Tyson Foods (TSN), the largest U.S. producer of poultry and meat, got burned during Monday's trading session after delivering a lowered outlook amid continuing drought conditions across the Midwest. At the close, the stock had shed 7.99%; it traded in a range of $14.07 to $15.46 on heavy volume throughout the day. The meat-producing king was thus crowned Monday's second-worst-performing food stock (grocery giant Supervalue (SVU) saw the largest decline in the edibles universe).
The company's fiscal 3Q earnings failed to meet analyst expectations at $76 million (or 21 cents a share), down from $196 million a year ago, and revenue of $8.31 billion, up from $8.25 billion a year ago. Analyst consensus had seen earnings at 54 cents a share on revenue of $8.72 billion. Tyson slashed its full-year revenue forecast by a billion, to $33 billion, and forecast its 2013 revenue to be $35 billion.
The worst drought seen in 56 years has led to a 50 percent jump in the price of corn at the Chicago Board of Trade over the past two months; since field corn is a major ingredient in livestock feed, this price surge is expected to eventually hit consumers' grocery bills as they shop for meat, poultry and dairy items.
Before Consumers Feel the Pinch
Before consumers feel a drought pinch, the rise in feed prices are felt by food-producing companies such as Tyson, which said in its earnings call that it plans to slash capital expenditures over the next year in order to have the cash to purchase the much higher-priced livestock feed. The hope for the company is that it will be able to eventually pass on these higher costs to consumers without a further hit to domestic beef demand, which -- as consumers are spending less -- has already been dented in recent months (and wasn't helped by the "pink slime" controversy of last spring). But the trend of higher costs and prices could eat at future profits; hence, the lowered outlook.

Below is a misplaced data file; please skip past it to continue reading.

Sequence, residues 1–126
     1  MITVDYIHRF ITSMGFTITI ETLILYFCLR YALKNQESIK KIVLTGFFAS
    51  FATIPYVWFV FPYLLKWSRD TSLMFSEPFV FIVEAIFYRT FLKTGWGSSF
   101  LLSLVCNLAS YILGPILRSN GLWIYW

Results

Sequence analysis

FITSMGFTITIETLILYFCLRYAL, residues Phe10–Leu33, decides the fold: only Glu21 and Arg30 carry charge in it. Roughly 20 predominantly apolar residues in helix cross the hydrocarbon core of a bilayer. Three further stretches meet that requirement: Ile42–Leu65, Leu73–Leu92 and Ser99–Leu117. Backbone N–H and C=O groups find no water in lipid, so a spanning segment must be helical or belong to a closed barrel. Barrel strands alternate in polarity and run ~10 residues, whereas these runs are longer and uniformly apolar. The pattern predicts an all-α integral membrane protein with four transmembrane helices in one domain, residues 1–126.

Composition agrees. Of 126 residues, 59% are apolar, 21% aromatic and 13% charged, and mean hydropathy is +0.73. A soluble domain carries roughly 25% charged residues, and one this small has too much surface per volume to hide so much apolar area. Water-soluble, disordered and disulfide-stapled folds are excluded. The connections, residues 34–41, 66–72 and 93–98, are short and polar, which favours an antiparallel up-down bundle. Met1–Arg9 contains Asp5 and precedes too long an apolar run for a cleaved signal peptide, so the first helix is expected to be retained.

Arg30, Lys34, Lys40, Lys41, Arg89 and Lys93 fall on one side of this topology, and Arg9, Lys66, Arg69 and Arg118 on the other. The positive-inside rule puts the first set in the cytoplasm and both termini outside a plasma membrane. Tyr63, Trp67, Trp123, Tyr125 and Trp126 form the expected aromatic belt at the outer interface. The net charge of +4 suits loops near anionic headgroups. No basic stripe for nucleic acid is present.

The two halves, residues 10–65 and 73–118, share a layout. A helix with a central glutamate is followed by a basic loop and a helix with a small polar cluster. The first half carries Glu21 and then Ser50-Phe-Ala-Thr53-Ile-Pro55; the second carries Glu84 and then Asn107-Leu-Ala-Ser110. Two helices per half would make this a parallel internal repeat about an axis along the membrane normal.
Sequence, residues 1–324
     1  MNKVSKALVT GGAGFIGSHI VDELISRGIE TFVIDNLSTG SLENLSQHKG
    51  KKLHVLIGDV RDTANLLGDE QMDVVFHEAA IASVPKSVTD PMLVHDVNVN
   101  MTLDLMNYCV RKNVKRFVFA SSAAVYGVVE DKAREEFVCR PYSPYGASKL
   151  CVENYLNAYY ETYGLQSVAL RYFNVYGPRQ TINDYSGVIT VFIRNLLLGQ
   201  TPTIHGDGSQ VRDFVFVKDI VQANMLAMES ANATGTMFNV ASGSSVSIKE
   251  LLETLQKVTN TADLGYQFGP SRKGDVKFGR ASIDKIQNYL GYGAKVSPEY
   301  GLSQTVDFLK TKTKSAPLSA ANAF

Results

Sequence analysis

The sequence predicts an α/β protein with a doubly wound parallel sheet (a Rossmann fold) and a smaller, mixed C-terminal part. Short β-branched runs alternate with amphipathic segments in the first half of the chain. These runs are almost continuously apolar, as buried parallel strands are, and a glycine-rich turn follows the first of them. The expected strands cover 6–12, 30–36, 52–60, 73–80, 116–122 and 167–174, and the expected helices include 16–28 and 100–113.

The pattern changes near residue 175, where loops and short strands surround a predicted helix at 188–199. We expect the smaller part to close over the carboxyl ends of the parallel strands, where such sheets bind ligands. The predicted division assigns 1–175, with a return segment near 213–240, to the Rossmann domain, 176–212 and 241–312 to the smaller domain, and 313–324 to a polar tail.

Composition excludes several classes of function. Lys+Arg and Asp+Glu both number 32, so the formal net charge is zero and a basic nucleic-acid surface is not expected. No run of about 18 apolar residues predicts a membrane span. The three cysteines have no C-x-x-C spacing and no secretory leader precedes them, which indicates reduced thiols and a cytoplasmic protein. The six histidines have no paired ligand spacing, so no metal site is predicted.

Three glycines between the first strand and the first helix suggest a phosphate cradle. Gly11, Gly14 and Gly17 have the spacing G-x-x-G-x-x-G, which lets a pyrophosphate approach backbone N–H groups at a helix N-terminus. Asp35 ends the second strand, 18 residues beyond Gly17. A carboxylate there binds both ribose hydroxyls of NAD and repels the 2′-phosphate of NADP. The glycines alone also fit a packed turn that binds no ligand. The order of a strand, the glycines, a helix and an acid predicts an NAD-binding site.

As COO James V. Lochner said on the earnings call, "The drought definitely will have a long-term impact in the overall beef supply...and obviously it's starting to make cattle come to the feed lines earlier. But more importantly this year, what it's doing, as well as the price of corn going up, it caused a radical correction to the feeder cattle pricing."
Still, the company said it expects to remain profitable, albeit less so than previously thought, throughout the remainder of the year and into 2013; its beef and pork segments are facing the most significant challenges, according to CEO Donnie Smith. Some analysts saw something to cheer about in Tyson's chicken forecast; the company said they had no plans to further cut their poultry production and that it should be their most profitable segment in the next year. Since their chicken business produces the bulk of Tyson's operating income, this could be read as a major upside to a fairly disappointing report. But investors chose to sell anyhow.
Year to date, Tyson is down around 30%. Its 52-week range is between $14.62 and $21.06.
Corn prices Monday are at $8.05 per bushel; the record high during the past two drought-ravaged months was $8.28. Rain has sprinkled some parts of the Midwest recently -- as forecast two weeks ago -- but it's likely too late to have a positive effect on this year's corn crop. Soybeans, on the other hand, could still benefit from the moisture, as they are in a different growth phase than corn. Later this week we'll get a USDA supply-demand report that should give a clearer look at the drought damage wrought by this drought.
Last month the USDA forecast a food-price rise of 3% to 4% across the board in 2013.
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